Since mass movements, governments, states, and societies aren’t of interest to us then the relationship between the outlaw and anarchism becomes nebulous. Where do any theories of history, mass, or movements fit into the life of an outlaw besides as things to negate? What does an an anarchist care of the anarchist milieu which is mostly full of socialists, conformists, followers, and unoriginals. An outlaw cares not for socialism, they care for theirs and their own and recognize that society at large and the overwhelming majority of the individuals within that society do not share their desires. And, not only do those individuals not share their desires, they are actively opposed to them. We live in a world of “safety” where the real police are the citizens. Each of those nice college kids and soccer moms and working men, are police. They fill the function of Good Samaritans, which means being a cop. The outlaw looks upon these types with a mix of pity and disgust and a latent hatred that occasionally burns hot enough to set ablaze these people who continue to live within the metaphysical bounds of society. The outlaw breaks with the anarchist scene, all scenes. The outlaw exists as a fluid desiring machine, making whatever effort possible to be conscious of these desires and how they mix with the society they live in, the citizens they are near, and the animals, plants, and inanimate objects surrounding them. The outlaw is an individual while acknowledging that the individual is not a real definable tangible thing. The outlaw not only is a paradox but the outlaw embodies and loves the paradox. They know not from where they came or where they go and instead embrace the mysteries of the universe and explore them with hysterical laughter. As Bernard Wrangle says, ” I stand for uncertainty, insecurity, bad taste, fun, and things that go boom in the night.” The world fixer needs an answer for everything, a plan for the future, and an understanding of what is right and wrong for each situation. The outlaw lives within the comfort of insecurity and uncertainty and cannot be contained by the shallow thinking of fixed ideas and fixed relations.
Unlike most anarchists who exist in a state of war with capital and police while upholding society and citizens, the outlaw exists in a war of all against all. The outlaw exists in constant war with themselves, their desires bubbling within them mix and heat, and they are not afraid to let them up to the surface where they could steam or explode. The outlaw denies the world’s ethics and morality for the sake of their own paradoxical and battling desires. The outlaw refuses to sacrifice themselves for a cause, to give themselves up for an imagined idea. In a sense the outlaw attempts to be real in an unreal world, the ultimate paradox. In the words of Tom Robbins:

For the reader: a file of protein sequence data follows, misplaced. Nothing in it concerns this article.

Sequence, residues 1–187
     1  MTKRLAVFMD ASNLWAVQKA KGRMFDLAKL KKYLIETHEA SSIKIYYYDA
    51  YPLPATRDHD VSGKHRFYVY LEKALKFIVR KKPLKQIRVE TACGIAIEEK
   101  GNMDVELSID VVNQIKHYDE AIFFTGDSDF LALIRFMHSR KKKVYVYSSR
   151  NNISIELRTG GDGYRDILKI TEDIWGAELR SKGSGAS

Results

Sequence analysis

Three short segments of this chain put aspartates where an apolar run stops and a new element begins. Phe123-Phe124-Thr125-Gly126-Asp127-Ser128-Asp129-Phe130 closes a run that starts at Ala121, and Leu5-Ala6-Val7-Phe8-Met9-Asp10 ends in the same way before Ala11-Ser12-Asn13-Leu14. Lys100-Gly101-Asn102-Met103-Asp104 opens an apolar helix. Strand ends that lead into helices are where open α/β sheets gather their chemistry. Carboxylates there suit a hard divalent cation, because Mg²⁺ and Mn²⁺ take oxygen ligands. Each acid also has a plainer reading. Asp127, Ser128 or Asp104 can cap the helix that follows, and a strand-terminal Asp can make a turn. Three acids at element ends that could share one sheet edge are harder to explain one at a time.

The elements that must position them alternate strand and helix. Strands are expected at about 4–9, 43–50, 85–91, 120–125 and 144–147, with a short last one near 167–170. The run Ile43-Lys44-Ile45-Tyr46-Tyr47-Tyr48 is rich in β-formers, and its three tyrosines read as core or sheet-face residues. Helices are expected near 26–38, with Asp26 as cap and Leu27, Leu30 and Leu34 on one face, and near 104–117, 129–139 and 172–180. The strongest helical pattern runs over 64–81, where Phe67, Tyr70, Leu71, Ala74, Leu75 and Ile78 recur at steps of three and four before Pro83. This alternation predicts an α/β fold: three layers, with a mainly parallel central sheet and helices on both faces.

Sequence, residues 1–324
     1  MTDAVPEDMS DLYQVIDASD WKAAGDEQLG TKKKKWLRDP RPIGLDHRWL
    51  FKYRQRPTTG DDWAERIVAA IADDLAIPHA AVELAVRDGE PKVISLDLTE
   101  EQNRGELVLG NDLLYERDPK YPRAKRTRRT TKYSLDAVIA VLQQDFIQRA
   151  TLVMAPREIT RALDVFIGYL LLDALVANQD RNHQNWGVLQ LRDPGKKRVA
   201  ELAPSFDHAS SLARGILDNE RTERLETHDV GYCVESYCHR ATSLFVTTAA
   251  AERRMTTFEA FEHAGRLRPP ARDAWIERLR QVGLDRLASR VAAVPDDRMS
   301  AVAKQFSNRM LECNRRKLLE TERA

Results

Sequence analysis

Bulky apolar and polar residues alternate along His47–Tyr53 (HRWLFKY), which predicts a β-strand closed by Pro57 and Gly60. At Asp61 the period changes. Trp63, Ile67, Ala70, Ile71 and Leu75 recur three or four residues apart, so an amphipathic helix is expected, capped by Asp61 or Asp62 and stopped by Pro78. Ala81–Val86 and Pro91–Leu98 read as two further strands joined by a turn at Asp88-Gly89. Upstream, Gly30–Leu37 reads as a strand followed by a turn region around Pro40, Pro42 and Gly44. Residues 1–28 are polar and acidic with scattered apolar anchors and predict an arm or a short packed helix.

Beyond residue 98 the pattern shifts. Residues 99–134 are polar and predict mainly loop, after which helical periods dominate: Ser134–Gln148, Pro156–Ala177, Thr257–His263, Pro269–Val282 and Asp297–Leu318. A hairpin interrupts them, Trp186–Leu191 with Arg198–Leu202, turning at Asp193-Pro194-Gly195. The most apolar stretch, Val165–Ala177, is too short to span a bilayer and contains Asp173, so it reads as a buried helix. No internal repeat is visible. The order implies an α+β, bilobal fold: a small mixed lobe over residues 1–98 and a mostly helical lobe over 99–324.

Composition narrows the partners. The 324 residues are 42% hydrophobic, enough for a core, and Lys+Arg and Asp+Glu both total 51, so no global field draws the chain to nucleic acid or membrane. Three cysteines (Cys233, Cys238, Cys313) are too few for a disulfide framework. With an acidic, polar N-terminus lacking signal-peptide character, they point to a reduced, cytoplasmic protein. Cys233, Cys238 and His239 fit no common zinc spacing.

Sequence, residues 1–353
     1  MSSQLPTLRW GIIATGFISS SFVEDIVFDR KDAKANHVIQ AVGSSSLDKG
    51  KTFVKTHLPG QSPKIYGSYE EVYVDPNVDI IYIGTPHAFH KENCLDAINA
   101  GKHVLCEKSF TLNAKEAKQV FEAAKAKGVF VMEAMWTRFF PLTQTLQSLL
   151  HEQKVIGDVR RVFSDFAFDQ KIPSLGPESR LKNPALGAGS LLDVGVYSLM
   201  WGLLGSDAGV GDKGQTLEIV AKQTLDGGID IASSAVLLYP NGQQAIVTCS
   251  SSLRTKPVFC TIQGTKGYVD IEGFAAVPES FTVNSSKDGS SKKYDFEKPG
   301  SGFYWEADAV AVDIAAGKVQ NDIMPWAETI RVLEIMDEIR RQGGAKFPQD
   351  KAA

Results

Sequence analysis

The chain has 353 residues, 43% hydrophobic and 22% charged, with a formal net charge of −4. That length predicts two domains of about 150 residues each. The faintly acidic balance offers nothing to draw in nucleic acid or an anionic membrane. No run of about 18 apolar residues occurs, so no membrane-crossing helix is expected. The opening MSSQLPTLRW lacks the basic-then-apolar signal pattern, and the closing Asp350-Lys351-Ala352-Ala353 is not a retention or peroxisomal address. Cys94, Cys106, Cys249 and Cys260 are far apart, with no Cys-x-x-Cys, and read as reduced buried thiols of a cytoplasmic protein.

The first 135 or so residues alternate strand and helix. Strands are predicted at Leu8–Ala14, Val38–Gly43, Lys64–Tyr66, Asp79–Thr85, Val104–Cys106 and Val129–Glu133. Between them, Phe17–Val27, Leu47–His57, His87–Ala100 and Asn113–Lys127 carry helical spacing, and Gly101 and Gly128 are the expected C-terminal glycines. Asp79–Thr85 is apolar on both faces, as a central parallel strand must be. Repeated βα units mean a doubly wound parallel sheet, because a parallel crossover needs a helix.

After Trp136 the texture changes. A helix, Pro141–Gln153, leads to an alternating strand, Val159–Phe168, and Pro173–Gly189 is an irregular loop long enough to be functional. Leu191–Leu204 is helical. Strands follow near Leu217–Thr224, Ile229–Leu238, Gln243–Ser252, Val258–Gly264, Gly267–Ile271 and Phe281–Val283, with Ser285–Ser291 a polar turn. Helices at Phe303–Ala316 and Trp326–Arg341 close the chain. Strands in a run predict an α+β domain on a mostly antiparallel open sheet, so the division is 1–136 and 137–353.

“How can one person be more real than any other? Well, some people do hide and others seek. Maybe those who are in hiding – escaping encounters, avoiding surprises, protecting their property, ignoring their fantasies, restricting their feelings, sitting out the pan pipe hootchy-kootch of experience – maybe those people, people who won’t talk to rednecks, or if they’re rednecks won’t talk to intellectuals, people who’re afraid to get their shoes muddy or their noses wet, afraid to eat what they crave, afraid to drink Mexican water, afraid to bet a long shot to win, afraid to hitchhike, jaywalk, honky-tonk, cogitate, osculate, levitate, rock it, bop it, sock it, or bark at the moon, maybe such people are simply inauthentic, and maybe the jacklet humanist who says differently is due to have his tongue fried on the hot slabs of Liar’s Hell. Some folks hide, and some folk’s seek, and seeking, when it’s mindless, neurotic, desperate, or pusillanimous can be a form of hiding. But there are folks who want to know and aren’t afraid to look and won’t turn tail should they find it – and if they never do, they’ll have a good time anyway because nothing, neither the terrible truth nor the absence of it, is going to cheat them out of one honest breath of Earth’s sweet gas.”
This is the heart of the outlaw. This is how the outlaw lives beyond politics. The outlaw lives within close contact with the mystery, knowing that this relationship does not end. There is no end, no utopia, nothing given but the moment and the lightning strikes of desire. If anarchy or anarchism has a relationship to the outlaw it is in its negation, not its positivist project.
Voiced by Kahar, The Big Cat, rydra wrong
Produced by rydra wrong
Editing and Sound by The Big Cat